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From New York Times bestselling author Gail Carriger comes the delightful sequel to Prudence. Rue and the crew of the Spotted Custard return from India with revelations that shake the foundations of England's scientific community. Queen Victoria is not amused, the vampires are tetchy, and something is wrong with the local werewolf pack. To top it all off, Rue's best friend Primrose keeps getting engaged to the most unacceptable military types. Rue has family problems as well. Her vampire father is angry, her werewolf father is crazy, and her obstreperous mother is both. Worst of all, Rue's beginning to suspect what they really are... is frightened.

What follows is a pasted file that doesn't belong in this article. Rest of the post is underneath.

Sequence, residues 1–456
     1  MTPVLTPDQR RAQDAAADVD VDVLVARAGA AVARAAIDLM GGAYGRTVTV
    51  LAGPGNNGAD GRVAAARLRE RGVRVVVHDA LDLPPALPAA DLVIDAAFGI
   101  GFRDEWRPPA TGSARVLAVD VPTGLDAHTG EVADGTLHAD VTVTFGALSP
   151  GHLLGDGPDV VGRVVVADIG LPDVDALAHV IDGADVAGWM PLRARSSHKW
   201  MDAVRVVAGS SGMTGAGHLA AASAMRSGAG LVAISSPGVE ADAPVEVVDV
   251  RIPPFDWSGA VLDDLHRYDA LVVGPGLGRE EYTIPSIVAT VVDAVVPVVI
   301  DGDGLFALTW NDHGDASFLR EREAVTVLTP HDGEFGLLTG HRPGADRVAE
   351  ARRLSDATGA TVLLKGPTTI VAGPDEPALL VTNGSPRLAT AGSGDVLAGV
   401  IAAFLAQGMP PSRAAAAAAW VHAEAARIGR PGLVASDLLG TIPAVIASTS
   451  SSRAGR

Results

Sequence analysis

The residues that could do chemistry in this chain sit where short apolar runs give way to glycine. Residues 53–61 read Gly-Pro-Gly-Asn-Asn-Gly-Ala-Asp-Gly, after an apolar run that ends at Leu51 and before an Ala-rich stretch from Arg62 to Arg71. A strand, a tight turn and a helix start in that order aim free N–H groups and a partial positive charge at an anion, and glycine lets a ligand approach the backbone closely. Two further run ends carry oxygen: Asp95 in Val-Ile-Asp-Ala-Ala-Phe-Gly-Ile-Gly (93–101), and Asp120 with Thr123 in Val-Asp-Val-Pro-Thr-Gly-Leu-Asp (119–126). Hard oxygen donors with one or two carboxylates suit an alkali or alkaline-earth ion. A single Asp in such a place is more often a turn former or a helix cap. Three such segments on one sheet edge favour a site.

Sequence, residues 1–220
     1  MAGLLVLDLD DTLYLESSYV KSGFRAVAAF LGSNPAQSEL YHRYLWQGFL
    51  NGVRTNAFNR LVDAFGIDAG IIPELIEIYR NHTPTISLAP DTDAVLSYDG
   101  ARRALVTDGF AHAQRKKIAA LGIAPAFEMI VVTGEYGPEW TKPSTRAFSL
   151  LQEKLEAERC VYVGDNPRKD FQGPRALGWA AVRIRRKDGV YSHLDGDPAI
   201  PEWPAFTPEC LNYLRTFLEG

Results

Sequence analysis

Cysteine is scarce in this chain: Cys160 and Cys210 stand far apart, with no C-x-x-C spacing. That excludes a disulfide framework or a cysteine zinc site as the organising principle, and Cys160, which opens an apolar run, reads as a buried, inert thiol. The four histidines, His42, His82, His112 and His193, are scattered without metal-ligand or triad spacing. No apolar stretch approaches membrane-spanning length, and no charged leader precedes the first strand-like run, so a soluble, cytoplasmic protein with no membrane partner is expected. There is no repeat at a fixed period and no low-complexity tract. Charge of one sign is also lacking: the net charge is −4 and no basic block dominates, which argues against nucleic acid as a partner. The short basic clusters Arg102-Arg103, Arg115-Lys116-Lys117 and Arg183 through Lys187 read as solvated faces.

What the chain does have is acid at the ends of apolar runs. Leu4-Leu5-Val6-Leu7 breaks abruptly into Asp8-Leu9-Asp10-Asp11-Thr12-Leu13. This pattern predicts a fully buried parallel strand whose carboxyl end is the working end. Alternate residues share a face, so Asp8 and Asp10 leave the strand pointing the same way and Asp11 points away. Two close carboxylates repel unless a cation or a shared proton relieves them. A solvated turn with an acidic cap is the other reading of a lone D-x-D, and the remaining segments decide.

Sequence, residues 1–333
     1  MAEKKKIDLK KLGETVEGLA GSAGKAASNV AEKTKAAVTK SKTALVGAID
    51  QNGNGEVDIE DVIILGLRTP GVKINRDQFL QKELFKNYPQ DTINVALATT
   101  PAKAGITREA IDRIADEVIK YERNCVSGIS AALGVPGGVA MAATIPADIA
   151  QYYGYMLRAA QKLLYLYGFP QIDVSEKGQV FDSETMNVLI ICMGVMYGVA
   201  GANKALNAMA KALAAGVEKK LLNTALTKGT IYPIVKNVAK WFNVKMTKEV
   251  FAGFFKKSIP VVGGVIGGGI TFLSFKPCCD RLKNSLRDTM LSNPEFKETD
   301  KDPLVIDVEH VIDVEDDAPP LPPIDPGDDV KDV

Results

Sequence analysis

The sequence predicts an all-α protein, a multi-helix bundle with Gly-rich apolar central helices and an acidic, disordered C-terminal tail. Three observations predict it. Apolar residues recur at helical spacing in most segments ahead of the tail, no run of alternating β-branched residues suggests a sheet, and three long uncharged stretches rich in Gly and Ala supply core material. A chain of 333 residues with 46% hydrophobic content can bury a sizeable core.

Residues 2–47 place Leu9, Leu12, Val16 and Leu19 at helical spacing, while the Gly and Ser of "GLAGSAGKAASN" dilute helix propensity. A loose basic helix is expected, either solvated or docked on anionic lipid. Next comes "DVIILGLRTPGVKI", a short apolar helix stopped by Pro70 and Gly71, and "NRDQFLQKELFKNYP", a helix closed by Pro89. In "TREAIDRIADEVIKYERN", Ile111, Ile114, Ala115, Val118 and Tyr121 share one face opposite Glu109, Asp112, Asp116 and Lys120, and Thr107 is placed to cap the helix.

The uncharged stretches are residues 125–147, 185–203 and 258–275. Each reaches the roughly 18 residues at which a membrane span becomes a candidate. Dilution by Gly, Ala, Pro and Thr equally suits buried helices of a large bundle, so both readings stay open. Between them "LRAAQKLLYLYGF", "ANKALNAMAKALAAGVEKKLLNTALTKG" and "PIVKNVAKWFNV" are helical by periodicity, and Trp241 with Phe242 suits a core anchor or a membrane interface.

Example in this ebook CHAPTER I THE PRICE OF A KISS "Stand and deliver!" The words rang out in the gathering darkness of the February evening. The jaded horses, exhausted with dragging a cumbrous chariot through the miry lanes and rugged by-roads of the rough moorland, obeyed the command with promptitude, disregarding the lash of the postboy and the valiant oaths of a couple of serving-men in the rumble. "Keep still, unless you wish me to blow out what you are pleased to consider your brains," said the highwayman. "My pistols have an awkward habit of going off of their own accord when I am not instantly obeyed—so don't provoke them." The postilion became as still as a statue and the footmen, under cover of the self-acting pistols, descended, grumbling but unresisting, yielded up their rusty blunderbusses with a transparent show of reluctance and withdrew to a respectful distance, while the highwayman dismounted, opened the carriage door and throwing the light of a lantern within, revealed the shrinking forms of two women muffled in cloaks and hoods. One of them uttered a shriek of terror when the door was opened and incoherently besought the highwayman to spare two lone, defenseless women. The highwayman thrust his head in and peered round eagerly, as though in search of other passengers. Then, pulling off his slouch-brimmed hat, he revealed a pair of dark eyes that gleamed fiercely from behind a mask, and as much of a bronzed and weather-beaten face as it left uncovered. Black hair, loosely gathered in a ribbon and much disordered by wind and rain, added considerably to the wildness of his aspect, and the uncertain light of the lantern flickered upon several weapons besides the pistols he carried so carelessly. "I shall not hurt you, Madam," he exclaimed impatiently. "Your money and jewels are all I seek. I expected to find a very different booty here and must hasten elsewhere lest I miss it altogether by this confounded mishap. So let me advise you to waste neither my time nor your own breath in useless lamentations, but hasten to hand out your purses and diamonds." "We have neither, Mr. Highwayman," said the other lady in a clear, musical voice, quite free from tremor. "I am a poor widow without a penny in the world, flying from my creditors to take refuge with a relative almost as poor as myself. This is my companion—alack for her! The wage I owe her might make her passing rich if ever 'twere paid—but it never will be." "Do poor widows travel in coach and four with serving-men and maids?" demanded the highwayman with an incredulous laugh. "Come, ladies, I am well used to these excuses. Do not put me to the disagreeable necessity of setting you down in the mud while I search your carriage and—mayhap—your fair selves." The lady threw back her hooded cloak, revealing a face and form of rare beauty, and extended two white hands and arms, bare to the elbow and entirely devoid of ornament. In one hand she held a little purse through whose silken meshes glittered a few pieces of money. "This is all the money I have in the wide world," she said, in a voice of pathetic sweetness. "Take it, if you will, and search for more if you think it worth while—and if you find anything, prithee, share it with me!" But the highwayman scarcely heard her. Through his mask his eyes were fixed upon her beautiful face with a devouring admiration of which she was quite unconscious. Not that such an expression would have seemed at all extraordinary to her, or otherwise than the natural tribute of any masculine creature to the beauty she valued at its full worth. "Keep your purse, Madam," he said, and his voice had lost its harshness; "I will take but one thing from you—something you will not miss, but that a monarch might prize—a kiss from those lovely lips." To be continue in this ebook
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